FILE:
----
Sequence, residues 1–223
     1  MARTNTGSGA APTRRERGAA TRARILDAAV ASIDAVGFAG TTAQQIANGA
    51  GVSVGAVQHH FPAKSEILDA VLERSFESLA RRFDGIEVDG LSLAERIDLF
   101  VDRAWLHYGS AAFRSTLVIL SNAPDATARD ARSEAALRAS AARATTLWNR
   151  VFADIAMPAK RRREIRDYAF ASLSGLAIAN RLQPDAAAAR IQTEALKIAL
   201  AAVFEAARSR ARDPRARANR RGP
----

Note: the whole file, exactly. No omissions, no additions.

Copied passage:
Sequence, residues 1–223
     1  MARTNTGSGA APTRRERGAA TRARILDAAV ASIDAVGFAG TTAQQIANGA
    51  GVSVGAVQHH FPAKSEILDA VLERSFESLA RRFDGIEVDG LSLAERIDLF
   101  VDRAWLHYGS AAFRSTLVIL SNAPDATARD ARSEAALRAS AARATTLWNR
   151  VFADIAMPAK RRREIRDYAF ASLSGLAIAN RLQPDAAAAR IQTEALKIAL
   201  AAVFEAARSR ARDPRARANR RGP